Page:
By cobaltmoe | July 9th, 2021 |
The Basic Anatomy of Our Lower Back
The lower back is composed of several muscles, nerves, and ligaments that protect your spine and help you keep your balance. The sacroiliac joints connect the base of the spine (sacrum) to the hip bones (pelvis). The lower back’s strong ligaments and muscles support these joints.
Ligaments in the lumbar area are located between the vertebrae and connect the muscles to the spine and hip bone:
- Sacrotuberous ligaments: Connects the legs with the trunk, biceps femoris, and perineum to the thoracolumbar fascia, and spine. It also assists in pelvic stability and prevents the tipping of the sacrum.
Soft tissues in the lower back are mostly composed of vertebral discs that protect our spine and give it mobility. However, in the lower back you can find the thoracolumbar fascia. It consists of multiple layers of crosshatched collagen fibres that cover the back muscles in the lower thoracic and lumbar area before passing through these muscles to attach to the sacrum.
Muscles in the lumbar area include the piriformis, deep gluteal muscles, gluteus, hip external rotators, hamstrings, and latissimus dorsi.
Several nerves coincide in the lumbar area:
- L1 spinal nerve: provides sensation to your groin regions and contributes to the movement of your hip muscles.
- L2, L3, and L4 spinal nerves: provide sensation to the frontal part of your thigh and the inner side of your lower leg. These nerves also control movements of your hip and knee muscles.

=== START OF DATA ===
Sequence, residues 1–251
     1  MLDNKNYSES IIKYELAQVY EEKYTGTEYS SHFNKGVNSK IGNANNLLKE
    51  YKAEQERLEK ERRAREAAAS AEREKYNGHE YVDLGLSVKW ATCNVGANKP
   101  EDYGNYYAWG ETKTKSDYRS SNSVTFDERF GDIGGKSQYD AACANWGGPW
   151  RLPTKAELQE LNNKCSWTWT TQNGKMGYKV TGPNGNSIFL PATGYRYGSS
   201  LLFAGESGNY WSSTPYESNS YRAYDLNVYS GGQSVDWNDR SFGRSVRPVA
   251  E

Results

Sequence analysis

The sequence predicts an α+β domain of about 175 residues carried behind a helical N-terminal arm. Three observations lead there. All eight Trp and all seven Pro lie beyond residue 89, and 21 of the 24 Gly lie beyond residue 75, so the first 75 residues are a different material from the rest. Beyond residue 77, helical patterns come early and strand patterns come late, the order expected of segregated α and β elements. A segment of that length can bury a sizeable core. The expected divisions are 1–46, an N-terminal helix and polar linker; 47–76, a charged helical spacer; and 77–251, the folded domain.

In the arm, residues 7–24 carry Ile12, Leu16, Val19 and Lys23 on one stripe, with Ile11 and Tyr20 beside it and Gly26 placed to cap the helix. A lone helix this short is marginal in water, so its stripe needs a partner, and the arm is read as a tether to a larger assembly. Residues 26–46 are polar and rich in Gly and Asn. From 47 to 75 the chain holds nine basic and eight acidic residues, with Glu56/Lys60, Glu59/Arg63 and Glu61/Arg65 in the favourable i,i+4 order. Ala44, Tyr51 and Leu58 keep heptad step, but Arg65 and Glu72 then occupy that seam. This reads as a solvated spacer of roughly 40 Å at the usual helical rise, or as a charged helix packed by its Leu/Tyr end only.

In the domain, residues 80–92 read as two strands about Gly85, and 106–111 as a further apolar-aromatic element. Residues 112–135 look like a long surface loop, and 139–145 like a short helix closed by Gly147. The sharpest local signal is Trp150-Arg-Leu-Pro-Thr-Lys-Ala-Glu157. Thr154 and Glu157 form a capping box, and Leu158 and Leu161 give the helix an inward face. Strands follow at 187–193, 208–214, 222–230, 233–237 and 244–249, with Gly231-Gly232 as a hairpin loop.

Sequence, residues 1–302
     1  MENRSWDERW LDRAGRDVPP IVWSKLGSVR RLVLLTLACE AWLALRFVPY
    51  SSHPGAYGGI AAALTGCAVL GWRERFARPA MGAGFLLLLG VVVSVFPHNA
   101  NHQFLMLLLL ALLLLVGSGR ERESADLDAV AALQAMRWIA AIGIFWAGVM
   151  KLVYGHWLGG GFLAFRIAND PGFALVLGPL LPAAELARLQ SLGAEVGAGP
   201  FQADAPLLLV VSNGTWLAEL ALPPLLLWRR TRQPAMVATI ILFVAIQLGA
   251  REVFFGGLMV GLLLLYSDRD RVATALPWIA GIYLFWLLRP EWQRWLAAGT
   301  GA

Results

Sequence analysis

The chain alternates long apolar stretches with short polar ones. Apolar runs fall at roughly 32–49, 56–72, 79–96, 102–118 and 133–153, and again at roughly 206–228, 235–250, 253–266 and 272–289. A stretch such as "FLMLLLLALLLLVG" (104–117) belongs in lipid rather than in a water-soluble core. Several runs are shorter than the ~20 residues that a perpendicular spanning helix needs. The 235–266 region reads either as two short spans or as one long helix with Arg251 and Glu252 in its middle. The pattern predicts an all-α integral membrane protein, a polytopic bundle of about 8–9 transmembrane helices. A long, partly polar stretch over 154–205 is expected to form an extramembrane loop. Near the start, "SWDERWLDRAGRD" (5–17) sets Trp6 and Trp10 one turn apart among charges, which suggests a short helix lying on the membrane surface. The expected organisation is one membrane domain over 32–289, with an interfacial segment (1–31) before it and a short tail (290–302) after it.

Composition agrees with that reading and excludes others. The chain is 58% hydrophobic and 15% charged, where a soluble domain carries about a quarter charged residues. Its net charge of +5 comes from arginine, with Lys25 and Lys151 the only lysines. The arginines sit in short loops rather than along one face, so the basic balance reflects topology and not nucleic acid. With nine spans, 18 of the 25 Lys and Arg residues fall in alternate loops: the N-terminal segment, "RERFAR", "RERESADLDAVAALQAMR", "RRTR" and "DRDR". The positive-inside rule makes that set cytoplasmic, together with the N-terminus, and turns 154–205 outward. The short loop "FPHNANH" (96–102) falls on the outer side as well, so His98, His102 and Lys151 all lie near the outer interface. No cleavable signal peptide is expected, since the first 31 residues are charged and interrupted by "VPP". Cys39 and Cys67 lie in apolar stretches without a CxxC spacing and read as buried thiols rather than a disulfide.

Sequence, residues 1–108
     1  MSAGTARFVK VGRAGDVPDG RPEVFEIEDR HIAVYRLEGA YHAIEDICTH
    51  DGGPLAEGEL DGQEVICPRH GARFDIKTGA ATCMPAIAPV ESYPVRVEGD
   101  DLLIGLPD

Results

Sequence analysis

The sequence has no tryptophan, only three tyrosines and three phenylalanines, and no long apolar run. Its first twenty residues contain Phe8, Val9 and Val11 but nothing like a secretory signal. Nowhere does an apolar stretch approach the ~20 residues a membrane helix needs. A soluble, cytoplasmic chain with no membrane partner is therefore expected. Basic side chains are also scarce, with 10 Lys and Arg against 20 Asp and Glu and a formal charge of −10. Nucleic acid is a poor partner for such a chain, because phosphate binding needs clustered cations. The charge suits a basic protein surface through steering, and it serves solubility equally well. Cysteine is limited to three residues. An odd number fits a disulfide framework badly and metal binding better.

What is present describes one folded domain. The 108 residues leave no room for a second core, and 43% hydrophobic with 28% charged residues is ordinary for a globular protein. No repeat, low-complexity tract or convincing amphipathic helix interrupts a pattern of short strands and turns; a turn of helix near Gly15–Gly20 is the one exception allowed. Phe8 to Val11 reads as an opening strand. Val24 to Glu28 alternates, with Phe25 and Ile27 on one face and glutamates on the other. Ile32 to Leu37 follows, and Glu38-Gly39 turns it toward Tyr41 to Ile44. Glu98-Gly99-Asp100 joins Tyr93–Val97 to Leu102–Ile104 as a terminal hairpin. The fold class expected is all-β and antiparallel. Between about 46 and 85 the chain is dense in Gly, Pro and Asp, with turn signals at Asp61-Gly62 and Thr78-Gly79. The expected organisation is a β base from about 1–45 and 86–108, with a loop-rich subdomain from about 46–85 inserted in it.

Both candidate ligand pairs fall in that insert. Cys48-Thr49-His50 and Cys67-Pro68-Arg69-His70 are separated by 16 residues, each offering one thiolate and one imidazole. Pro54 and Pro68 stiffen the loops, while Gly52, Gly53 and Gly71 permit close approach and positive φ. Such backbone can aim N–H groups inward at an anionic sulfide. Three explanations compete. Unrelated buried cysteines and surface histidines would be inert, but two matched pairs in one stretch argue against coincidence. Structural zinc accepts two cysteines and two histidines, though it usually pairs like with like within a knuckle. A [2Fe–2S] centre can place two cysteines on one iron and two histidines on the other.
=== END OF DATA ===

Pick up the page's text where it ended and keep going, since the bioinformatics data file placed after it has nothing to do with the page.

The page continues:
- L5 spinal nerve: provides sensation to the outer side of your lower leg, the top part of your foot, and in between your first and second toes. This nerve also controls your hip, knee, foot, and toe movements.
Typical Causes of Lower Back Injuries and Pain
Unfortunately, due to the natural movement of the hips, we may not notice when we are overworking our lower back. Force placed on the various components of the lumbar area–muscles, nerves, ligaments, and other connective tissues–due to inadequate movement can lead to lower back pain.
The most common lower back injuries that lead to lower back pain include sprains, strains, and tears. Alongside pain, individuals may also experience stiffness, restricted movements, difficulty in performing routine activities, and pain down your leg.
Lower back injuries can take many forms; sometimes an injury happens suddenly or gradually after years of overuse. Causes of lower back injury and pain include:
I. Overuse Injuries
Overuse injuries occur when continued stress is placed on a specific joint, muscle, or other tissue in the lumbar area, often caused by repetitive activities such as sports or even manual labor. Examples of overuse injuries include:
- Muscle strain
- Nerve strain
II. Sudden (Acute) Injuries
Sudden injuries can occur at any moment, whether because of a fall, a car accident, a direct blow to the hip, or any sort of improper movement of the hip can cause severe pain suddenly.
Acute injuries include: